Memo to Bill Gross: The U.S. Is Not Greece

Once again, Pimco's boss offers a big dose of unhelpful opinion

In his latest monthly missive to investors, Bond King Bill Gross admits to having an amnesia of sorts. Maybe that’s why his investment insights are becoming increasingly less cogent.

From getting the demise of the equity risk premium wrong to advising individual investors to buy low and sell high, the manager of the biggest mutual fund in the world — the $278 billion PIMCO Total Return A (MUTF:PTTAX) — hasn’t been doling out a lot of useful information lately.

Now, in his October note, Gross tells us a lot of what we already knew and, unfortunately, throws a sop to the gold bugs with the fatuous canard that the U.S. is in danger of becoming Greece.

The Greece thing? Again?

“Well, Armageddon is not around the corner,” Gross writes. “I don’t believe in the imminent demise of the U.S. economy and its financial markets. But I’m afraid for them.”

Fair enough. And well that we all should be. The federal government is no doubt a serial offender when it come to debt and the prospects for future debt. As Gross puts it, we’re “an addict whose habit extends beyond weed or cocaine and who frequently pleasures itself with budgetary crystal meth.”

But what does not compute is Gross’ contention that the U.S. will begin to resemble Greece before the turn of the next decade if the federal government fails to bring its debt-to-GDP ratio under control.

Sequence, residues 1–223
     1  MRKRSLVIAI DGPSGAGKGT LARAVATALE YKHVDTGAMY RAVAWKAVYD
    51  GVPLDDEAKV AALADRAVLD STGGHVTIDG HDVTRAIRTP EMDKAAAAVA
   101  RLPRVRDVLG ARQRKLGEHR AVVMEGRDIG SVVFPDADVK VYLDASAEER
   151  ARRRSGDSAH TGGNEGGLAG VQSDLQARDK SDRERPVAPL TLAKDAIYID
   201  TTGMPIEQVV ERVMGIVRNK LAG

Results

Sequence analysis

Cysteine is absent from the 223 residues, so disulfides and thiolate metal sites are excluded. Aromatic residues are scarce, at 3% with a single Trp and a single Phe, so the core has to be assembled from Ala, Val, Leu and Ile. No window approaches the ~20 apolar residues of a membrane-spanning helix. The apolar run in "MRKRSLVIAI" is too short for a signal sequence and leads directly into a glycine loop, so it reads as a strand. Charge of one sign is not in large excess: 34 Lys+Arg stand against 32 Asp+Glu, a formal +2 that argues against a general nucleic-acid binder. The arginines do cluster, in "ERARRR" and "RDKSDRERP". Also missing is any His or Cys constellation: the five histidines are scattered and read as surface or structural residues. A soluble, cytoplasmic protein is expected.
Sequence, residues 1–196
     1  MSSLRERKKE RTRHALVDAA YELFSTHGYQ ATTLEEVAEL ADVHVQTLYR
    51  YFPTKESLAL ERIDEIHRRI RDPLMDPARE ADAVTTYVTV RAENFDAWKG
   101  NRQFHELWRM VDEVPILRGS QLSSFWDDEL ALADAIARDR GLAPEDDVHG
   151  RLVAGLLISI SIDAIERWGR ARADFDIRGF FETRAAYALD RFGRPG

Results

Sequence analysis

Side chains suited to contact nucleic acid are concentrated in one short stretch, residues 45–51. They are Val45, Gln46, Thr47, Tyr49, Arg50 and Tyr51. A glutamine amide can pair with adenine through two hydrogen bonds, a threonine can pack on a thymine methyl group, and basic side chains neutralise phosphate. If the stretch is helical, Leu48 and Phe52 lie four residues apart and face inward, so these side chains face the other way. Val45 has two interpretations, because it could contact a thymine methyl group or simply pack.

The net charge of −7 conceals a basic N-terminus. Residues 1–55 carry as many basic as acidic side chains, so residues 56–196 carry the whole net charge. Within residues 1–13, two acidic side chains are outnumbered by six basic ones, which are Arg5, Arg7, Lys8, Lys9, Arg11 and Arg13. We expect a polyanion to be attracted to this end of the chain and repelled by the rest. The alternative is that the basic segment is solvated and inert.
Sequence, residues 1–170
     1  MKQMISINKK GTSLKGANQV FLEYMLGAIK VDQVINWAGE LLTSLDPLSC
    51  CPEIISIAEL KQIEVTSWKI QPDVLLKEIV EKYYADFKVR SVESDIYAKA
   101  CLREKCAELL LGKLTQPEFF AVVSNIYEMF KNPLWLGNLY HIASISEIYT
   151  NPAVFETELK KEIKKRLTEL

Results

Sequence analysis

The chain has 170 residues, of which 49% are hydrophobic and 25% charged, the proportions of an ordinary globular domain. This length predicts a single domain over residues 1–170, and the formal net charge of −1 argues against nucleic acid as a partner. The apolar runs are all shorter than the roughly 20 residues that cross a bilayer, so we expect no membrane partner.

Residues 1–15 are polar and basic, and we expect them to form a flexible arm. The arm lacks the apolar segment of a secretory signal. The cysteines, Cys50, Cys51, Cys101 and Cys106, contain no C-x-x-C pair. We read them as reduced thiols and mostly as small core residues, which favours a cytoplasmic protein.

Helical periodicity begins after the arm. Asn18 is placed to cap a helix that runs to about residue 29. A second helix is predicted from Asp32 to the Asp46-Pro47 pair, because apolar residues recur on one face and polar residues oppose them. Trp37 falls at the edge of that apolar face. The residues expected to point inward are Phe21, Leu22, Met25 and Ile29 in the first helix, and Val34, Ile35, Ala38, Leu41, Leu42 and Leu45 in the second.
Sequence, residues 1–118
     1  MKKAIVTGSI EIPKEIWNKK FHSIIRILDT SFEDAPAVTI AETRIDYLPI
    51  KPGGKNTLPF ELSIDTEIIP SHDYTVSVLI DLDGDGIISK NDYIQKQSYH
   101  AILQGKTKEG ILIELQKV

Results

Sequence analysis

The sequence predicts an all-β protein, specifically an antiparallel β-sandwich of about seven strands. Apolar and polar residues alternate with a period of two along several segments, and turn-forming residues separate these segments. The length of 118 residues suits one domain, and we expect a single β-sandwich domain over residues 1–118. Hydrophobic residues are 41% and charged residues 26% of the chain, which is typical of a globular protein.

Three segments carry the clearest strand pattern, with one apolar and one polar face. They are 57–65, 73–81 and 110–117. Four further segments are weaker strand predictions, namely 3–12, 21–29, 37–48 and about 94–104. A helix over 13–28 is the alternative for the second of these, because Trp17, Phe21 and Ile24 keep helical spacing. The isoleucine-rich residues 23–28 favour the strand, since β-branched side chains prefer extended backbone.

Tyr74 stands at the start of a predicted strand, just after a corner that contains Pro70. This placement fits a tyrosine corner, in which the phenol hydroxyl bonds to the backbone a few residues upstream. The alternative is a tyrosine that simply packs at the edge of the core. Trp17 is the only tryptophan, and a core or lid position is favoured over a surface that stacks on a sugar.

The U.S. is already in what Gross calls a rogue’s gallery of debtors — a “Ring of Fire” that includes Japan, the U.K., Spain, France and Greece.

However, Spain, France and Greece do not control their own currency. And that is why the U.S. is not Greece.

As Cullen Roche at Pragmatic Capitalism explained months ago, the U.S. can’t go bankrupt because when the Treasury holds bond auctions, primary dealers (big banks), are required to bid. Unlike Spain, France or Greece, the concern that a bond auction could fail doesn’t exist.

As Roche says:

“The key here is that there’s no solvency constraint as in, ‘running out of money.’ Greece doesn’t have this arrangement. In fact, since the ECB is essentially a foreign central bank there is a real solvency constraint. So banks and private investors have become hesitant to buy Greek bonds because of this flawed institutional arrangement and the lack of an implicit guarantee. It’s apples and oranges compared to the USA.”

And as for rampant debt causing hyperinflation that would “burn bonds to a crisp,” well, you can’t point to Japan as evidence of that. Japan is the worst offender in Gross’ mixed metaphor of a rogue’s gallery of serial-offender-debt-meth-addicts residing in a Ring of Fire.

Indeed, Japan is far and away the world’s worst debtor, with the highest structural fiscal gap of any nation when it comes to debt as a percentage of GDP.

But Japan’s problem isn’t inflation — its deflation. Heck, it’s been stuck in a brutal deflationary spiral for two decades.

The U.S. is not — repeat, not — Greece. And while inflation might worry some folks, there’s no sign of it in prices or in the market’s expectations. Armageddon, as Gross says, is not around the corner.

And if it is, well, inflation is always preferable to deflation, especially when you’re loaded up with debt.

Just ask Japan.

As of this writing, Dan Burrows held no positions in any of the aforementioned securities.

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